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Recent Trends and Emerging Practices in Retailer Pricing

Ruth Bolton, Venkatesh Shankar and Detra Y. Montoya
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Venkatesh Shankar: Mays Business School, Texas A&M University
Detra Y. Montoya: W. P. Carey School of Business, Arizona State University

A chapter in Retailing in the 21st Century, 2010, pp 301-318 from Springer

Abstract: Abstract Profitability in retailer pricing has become a paramount concern. Retailers, especially, grocery retailers, are operating on razor-thin margins. On average, a supermarket’s margin is about one percent of net sales. A typical supermarket today is bigger than ever before, with several thousands of items – and, due to mergers and acquisitions, it is part of an even larger retail chain. Prices are set weekly on these items, so supermarkets are challenged to develop a coherent and profitable pricing strategy. Moreover, retailers receive trade allowances from manufacturers for promotional pricing. Pressured by competition and by consumers who have come to expect frequent price discounts, retailers have fallen into a price-promotion trap. Although only about 20 % of retail sales come from promotions, supermarkets devote about 80 % of their week managing them. The same retail pricing battle is being waged across department stores, convenience stores, and stores in other traditional retailing categories. The current focus on profitable pricing strategies is also due to a changing retail landscape. Cross-channel consumer shopping is becoming increasingly common and is altering the pricing practices of many retailers. Competition across retail channels and formats such as grocery (e.g., Kroger), drug (e.g., Walgreens), mass merchandise (e.g., Wal-Mart), convenience and gas (e.g., 7 Eleven), club (e.g., Costco), and dollar (e.g., Dollar General) appears to be much more intense than ever before. Ongoing expansion by Wal-Mart's Supercenters, plus recent growth in club and dollar stores, has lowered the price floor in many markets and categories. Concurrently, the growth of dollar stores is challenging the dominance of the giant low-cost mass merchandiser, Wal-Mart. This phenomenon parallels the rise of low-cost competitors in other industries. For example, competition in the airline industry has intensified with point-to-point airlines, such as Southwest Airlines and Jet Blue, stealing market share from the long standing hub-and-spoke airlines, such as United Airlines and Delta Airlines.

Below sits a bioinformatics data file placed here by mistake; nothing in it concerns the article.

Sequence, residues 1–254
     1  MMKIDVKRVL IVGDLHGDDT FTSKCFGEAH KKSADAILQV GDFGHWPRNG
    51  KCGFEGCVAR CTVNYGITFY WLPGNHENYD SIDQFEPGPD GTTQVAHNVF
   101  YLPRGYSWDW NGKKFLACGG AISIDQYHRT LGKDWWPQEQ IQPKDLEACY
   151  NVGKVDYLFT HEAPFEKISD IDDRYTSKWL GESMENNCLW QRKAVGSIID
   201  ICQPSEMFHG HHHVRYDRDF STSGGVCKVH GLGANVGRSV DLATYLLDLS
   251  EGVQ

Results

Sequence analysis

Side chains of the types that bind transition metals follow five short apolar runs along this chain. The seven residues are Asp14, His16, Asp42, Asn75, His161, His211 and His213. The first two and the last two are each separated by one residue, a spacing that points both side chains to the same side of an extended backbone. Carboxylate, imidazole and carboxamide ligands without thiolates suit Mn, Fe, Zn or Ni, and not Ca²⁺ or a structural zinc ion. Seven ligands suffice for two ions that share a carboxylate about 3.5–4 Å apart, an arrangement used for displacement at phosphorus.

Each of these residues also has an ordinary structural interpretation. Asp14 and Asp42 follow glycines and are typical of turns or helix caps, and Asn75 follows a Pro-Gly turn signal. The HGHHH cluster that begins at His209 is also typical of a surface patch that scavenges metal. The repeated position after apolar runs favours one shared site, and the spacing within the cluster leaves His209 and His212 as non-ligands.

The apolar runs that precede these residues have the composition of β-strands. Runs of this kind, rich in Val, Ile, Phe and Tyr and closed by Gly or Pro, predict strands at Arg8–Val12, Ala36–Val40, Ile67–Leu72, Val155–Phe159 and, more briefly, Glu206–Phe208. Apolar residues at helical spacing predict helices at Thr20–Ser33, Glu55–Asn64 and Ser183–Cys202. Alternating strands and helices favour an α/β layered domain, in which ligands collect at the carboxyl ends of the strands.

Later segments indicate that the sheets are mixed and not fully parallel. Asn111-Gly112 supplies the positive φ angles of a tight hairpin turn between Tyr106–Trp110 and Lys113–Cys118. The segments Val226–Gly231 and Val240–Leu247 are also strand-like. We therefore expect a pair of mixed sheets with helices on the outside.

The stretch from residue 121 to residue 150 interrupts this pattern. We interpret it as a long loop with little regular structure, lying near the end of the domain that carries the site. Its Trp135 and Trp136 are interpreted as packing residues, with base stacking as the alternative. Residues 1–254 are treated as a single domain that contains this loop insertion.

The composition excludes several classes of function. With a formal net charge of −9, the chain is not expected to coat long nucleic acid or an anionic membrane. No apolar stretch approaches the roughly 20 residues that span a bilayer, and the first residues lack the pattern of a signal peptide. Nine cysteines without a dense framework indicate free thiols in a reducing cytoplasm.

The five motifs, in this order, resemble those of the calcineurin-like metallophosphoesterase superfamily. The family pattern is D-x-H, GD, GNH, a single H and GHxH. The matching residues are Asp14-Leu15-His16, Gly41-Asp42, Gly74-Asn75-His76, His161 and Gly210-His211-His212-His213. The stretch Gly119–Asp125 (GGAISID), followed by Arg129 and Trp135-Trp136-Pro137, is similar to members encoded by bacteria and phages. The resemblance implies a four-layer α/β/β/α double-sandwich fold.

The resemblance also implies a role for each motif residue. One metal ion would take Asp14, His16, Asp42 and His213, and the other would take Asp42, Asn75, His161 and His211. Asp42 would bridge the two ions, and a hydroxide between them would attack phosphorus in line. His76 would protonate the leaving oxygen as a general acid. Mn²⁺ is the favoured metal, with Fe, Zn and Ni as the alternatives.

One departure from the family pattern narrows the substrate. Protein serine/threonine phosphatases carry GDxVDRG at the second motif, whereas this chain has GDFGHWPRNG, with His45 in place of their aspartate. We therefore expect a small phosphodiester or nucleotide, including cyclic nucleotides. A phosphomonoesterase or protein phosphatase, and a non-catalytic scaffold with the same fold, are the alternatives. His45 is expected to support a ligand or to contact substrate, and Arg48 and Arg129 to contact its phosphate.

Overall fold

Keywords: Price Strategy; Retailer Price; Price Dispersion; Retail Channel; Brand Strength (search for similar items in EconPapers)
Date: 2010
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Chapter: Recent Trends and Emerging Practices in Retailer Pricing (2006)
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DOI: 10.1007/978-3-540-72003-4_19

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